Thursday, July 21, 2011

Lessons Learned and Quick Hitters

  • Squat and deadlift right out of the gate, and do these more than you bench and curl.  I didn't start squatting until I had been lifting for about 5 years.  The first few years of squatting and pulling you are trying to figure a lot of shit out, unless you have a good coach.  So even if you don't like them, do them.
  • Get a good coach to teach you how to squat and deadlift properly out of the gate.  This will cut off years in the time it takes to achieve upper potential.  If your coach is a long ways away, make the drive out every other week.  Ask yourself how serious you are.
  • Stop comparing yourself to other people.  You aren't other people.  Not only that, stop using other people as examples of what can be done training a certain kind of way.  Champions are born, not made. 
  • This also doesn't mean training philosophy doesn't matter.  However you need to find out what works well for you through some trial and error.  Doc Brown and all....
  • Don't do movements that cause immediate or delayed "bad" pain.  Who said you have to squat?  If you aren't a competitive powerlifter, and have physiological issues that keep you from squatting pain free, do things that don't cause pain.  
  • Drink water.  It's amazing to me how many people still drink cokes, gatorade, and shit like that all day, then train and say they aren't 100%.  No shit kool-aid.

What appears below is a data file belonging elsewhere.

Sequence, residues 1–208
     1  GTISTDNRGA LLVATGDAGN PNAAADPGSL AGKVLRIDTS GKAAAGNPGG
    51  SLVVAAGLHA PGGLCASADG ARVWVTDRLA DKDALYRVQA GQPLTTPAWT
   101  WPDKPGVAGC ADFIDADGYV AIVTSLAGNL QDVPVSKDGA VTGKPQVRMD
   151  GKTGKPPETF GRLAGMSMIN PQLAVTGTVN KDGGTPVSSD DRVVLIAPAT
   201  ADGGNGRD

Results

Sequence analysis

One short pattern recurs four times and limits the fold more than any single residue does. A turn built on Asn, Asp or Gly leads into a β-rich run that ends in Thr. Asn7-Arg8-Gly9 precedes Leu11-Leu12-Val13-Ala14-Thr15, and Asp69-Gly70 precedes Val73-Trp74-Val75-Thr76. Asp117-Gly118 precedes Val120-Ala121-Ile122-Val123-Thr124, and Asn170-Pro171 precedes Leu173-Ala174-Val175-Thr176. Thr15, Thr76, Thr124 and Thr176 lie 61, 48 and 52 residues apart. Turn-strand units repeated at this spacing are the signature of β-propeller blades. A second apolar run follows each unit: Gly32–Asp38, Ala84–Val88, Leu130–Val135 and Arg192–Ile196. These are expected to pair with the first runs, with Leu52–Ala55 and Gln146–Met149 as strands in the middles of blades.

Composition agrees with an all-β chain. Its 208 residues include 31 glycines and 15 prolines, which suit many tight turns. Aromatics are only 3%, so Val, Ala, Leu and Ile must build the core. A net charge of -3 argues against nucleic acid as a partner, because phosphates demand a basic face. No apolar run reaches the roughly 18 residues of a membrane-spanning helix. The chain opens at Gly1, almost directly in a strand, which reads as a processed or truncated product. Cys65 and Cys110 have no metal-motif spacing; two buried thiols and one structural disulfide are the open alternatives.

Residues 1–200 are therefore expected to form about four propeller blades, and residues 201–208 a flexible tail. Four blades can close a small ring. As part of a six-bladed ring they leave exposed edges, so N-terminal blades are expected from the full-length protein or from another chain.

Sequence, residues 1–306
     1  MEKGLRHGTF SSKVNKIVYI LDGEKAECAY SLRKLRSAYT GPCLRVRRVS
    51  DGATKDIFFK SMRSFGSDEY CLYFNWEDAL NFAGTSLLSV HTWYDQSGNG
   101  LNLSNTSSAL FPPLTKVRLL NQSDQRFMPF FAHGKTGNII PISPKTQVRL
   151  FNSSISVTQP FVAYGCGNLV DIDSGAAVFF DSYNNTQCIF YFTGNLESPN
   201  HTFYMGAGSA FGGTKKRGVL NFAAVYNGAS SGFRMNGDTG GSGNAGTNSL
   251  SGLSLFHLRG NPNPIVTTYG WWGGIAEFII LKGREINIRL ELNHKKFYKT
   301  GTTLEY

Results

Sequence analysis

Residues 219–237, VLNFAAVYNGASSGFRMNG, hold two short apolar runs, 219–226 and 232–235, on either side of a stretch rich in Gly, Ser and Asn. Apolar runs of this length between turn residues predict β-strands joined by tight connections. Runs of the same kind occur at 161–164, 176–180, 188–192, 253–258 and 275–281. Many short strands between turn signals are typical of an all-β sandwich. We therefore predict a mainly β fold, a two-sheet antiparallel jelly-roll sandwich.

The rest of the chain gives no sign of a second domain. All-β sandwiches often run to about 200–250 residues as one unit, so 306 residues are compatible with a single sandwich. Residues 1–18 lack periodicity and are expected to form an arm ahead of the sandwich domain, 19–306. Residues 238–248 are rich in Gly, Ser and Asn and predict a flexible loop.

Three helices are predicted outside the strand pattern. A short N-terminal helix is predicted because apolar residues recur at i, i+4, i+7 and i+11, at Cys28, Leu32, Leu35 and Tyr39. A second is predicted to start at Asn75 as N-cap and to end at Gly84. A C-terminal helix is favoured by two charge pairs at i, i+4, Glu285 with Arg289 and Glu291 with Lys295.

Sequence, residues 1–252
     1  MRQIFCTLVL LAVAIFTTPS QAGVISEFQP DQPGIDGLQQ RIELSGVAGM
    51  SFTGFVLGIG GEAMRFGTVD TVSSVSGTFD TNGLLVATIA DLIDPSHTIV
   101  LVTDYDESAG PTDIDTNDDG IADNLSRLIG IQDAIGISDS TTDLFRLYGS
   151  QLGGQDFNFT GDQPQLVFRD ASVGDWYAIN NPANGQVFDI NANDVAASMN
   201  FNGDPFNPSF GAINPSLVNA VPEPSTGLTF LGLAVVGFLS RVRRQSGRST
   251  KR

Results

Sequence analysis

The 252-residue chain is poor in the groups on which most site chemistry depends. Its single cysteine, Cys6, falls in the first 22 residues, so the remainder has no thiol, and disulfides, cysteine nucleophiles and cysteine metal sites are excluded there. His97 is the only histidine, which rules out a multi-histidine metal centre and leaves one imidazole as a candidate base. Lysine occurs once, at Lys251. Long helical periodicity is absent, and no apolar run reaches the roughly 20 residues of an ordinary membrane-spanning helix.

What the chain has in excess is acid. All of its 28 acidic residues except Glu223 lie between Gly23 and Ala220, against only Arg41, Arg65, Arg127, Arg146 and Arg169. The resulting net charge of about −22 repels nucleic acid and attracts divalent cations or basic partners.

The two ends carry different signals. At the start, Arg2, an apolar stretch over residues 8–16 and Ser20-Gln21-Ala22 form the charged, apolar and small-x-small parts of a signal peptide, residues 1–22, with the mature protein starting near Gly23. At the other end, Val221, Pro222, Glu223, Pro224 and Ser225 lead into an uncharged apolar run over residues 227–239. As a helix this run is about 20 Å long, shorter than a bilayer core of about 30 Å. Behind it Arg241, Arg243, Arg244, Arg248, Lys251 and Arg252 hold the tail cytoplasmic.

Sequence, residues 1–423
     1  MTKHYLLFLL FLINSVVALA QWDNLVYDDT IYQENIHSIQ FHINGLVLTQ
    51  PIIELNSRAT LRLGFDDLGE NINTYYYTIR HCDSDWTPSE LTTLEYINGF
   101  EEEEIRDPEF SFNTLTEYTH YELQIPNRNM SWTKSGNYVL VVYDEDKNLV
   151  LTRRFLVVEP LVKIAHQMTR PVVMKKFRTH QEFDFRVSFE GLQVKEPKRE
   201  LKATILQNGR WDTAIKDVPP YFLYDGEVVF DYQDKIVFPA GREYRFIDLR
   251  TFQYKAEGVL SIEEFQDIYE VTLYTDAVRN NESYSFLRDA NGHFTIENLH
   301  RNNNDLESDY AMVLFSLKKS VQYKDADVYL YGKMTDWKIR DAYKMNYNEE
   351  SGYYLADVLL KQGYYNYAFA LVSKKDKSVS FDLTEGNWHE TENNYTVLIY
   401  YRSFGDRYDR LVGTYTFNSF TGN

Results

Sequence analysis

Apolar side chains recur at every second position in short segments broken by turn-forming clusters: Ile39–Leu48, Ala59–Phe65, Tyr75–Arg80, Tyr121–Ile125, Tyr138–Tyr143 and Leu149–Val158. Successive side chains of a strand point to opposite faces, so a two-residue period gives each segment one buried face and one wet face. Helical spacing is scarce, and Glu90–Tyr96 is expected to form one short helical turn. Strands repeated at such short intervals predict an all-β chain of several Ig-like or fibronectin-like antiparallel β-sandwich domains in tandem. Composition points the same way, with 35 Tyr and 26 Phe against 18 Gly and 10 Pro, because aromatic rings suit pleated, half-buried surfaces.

• Have goals, and focus on them.  Seems simple enough but if you are in the gym or at the track or doing a boot camp and you don't have a clear reason why ("to get in shape" is not really CLEAR) you won't put forth your best effort.  Define your goals very clearly.  Getting in shape, is not defined.  Getting into 32 pants or running a half marathon or deadlifting 600 pounds, these are defined goals and will help you define training.  
  • Enjoy life.  Worrying about training when you are not in the gym is stupid.  Make your training program and stick with it.  
  • Get your blood work done regularly.  People miss this boat too much and an ounce of prevention is worth a pound of cure.  Getting detailed blood work done quarterly could easily save your life down the road.  
  • Don't grind on the big lifts too much.  This is a sure way to put yourself into the ground quickly and then trying to dig out becomes a pain in the ass.  Leave this to the volume junkies who rarely seem to have any real strength.  
  • Build bottom position strength as a priority.  Getting strong on the top portion of movements isn't anywhere near as valuable as building strength off the chest, out of the hole, and off the floor.  Who cares how strong your three board press is if you can't get it off your chest?  Above the knee deadlift work is about as useful as tits on a boar.  
  • Keep training interesting and fun.  You can vary things in the same routine with something as simple as varying your warm up poundages.  Don't think it matters?  Try it.  
  • Add BCAA's to your workouts.  It WILL make a difference.  I love the Extend.  No, not the pinnis pills either.
  • A quick and easy way to drop some flab over the course of a few weeks is simply to drop carbs in the evening.  This works well and your energy levels won't drop very much, if at all.
  • Learn how to focus internally for a big set.  This is will make a world of difference in energy for that set.  Jumping around and yelling and acting like a retarded monkey wastes energy.  Just because Benni has a routine doesn't mean you need one.  Watch him in training; cool as a cucumber, even for the big sets.